I quickly found a job within my field, where I did the same things I had done at home, except here I didn’t have a team to supervise. So I started working but got bored pretty quickly. I tried to consider other jobs, but they wouldn’t make any major changes to the level of my position or the company I worked for. That is when I realized that the time for MIT had come.

It took me three months to prepare all the admission documents. I had to take the TOEFL, which I passed with 111, fill out a really long form, and make a three-minute video where I answered the following questions:

  1. Why do you want to obtain a master's degree in supply chain management?
  2. How do you see your perfect job after you finish your master's program?
  3. What global supply chain problem do you find most interesting and why?

I also had to submit a two-page research proposal for a future master's thesis and recommendation letters. The results of the online program were used as the GMAT scores. Given that I had already gone through half of the material online, I only had to study for one semester here.

I was admitted and moved from Chicago to Cambridge for six months with my husband and two kids. I realized that I would have to study all the time, so I asked my mom to come from Chelyabinsk to help us with the kids. She stayed with us for five months and left the day after I graduated from MIT. I have a separate article about how I managed to combine being a mother, studying, and working at that time.

Getting an Offer From Google

I started looking for a job as soon as the program began. I failed the first few interviews because I lacked experience and confidence. However, the more I did it, the better my interviews went. Among other things, I practiced writing stories (answers to possible questions) which helped me structure my thoughts.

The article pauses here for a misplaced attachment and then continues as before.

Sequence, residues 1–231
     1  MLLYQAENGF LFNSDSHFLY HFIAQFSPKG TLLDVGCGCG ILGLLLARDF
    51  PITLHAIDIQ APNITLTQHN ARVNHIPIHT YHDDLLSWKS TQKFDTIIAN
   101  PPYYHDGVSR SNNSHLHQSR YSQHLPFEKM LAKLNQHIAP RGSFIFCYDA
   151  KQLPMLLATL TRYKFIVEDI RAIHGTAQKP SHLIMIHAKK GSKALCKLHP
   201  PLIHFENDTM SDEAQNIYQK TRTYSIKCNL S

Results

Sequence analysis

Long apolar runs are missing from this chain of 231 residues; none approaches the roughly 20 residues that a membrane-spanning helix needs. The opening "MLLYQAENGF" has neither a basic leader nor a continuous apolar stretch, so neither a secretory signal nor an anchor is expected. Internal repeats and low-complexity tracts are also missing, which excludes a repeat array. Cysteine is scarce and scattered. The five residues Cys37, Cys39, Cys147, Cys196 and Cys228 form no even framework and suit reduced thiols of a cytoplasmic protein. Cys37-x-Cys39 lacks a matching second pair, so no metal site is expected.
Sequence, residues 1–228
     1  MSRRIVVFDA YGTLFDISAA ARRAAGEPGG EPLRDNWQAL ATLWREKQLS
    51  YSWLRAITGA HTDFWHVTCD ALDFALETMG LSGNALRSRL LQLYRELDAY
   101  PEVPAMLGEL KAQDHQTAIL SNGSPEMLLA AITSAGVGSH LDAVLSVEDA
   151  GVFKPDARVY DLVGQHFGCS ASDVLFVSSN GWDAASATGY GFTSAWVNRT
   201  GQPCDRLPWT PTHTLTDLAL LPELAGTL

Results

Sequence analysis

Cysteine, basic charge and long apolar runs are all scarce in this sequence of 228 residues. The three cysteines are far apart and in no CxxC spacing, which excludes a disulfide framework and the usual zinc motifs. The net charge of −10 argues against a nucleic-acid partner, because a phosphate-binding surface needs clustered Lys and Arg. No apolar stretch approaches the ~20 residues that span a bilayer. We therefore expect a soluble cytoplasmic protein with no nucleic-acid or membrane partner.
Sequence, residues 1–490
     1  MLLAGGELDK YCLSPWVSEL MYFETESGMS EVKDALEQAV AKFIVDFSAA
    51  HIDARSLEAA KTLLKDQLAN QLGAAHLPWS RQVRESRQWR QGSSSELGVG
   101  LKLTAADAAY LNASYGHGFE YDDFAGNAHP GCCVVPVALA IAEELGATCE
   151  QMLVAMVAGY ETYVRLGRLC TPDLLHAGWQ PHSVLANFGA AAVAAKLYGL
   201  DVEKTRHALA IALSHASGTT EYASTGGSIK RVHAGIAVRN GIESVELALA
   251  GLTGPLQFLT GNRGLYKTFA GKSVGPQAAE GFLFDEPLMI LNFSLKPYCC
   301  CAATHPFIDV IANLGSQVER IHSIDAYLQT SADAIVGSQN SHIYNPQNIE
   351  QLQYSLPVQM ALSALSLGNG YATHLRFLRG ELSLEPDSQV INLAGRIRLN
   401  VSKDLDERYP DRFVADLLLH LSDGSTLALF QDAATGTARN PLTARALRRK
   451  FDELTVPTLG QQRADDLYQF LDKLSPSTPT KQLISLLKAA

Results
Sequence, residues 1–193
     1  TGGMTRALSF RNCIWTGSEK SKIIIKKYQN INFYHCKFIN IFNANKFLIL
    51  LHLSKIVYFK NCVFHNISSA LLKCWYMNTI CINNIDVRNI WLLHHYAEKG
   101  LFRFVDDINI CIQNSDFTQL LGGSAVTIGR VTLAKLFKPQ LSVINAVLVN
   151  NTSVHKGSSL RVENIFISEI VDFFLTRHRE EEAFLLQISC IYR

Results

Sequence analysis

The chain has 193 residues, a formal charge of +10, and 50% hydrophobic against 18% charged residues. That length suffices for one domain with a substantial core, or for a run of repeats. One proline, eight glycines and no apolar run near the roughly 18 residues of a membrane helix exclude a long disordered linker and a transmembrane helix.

One day I got a call from Google. They had a resume book (resumes of all the students in the group) offered by the university career office. This call was a big surprise for me because I had a stereotype back then that only programmers worked at Google. 

Now I know it’s ridiculous. Like any company, Google has typical departments, including Marketing, Sales, Design, Analytics, Finance, and others. And there is one related to my field too.

When preparing for my interview at Google, I got help from those who had already completed the program and worked at the company. They shared some useful tips with me and encouraged me a lot. They also helped with the mock interview which is an imitation of a real interview that I had to go through before heading to Silicon Valley for the final round.

Recruiters share plenty of materials to help applicants succeed in an interview. Most of them are available online for free. Google is interested in making sure candidates prepare well and show their best in an interview.

By the end of the program, I already had three job offers and several final interviews to go through. Eventually, I picked Google. We moved to Northern California after the program, where we’ve lived for almost two and a half years now.

My position is Program Manager, Demand & Supply Planning. I do capacity planning for data centers. My team is the bridge between product teams (Cloud, YouTube, Search) that need resources (compute and storage capacity) and the supply chain that keeps data centers running. My job involves working with a lot of numbers and analytics, as well as cross-functional communication.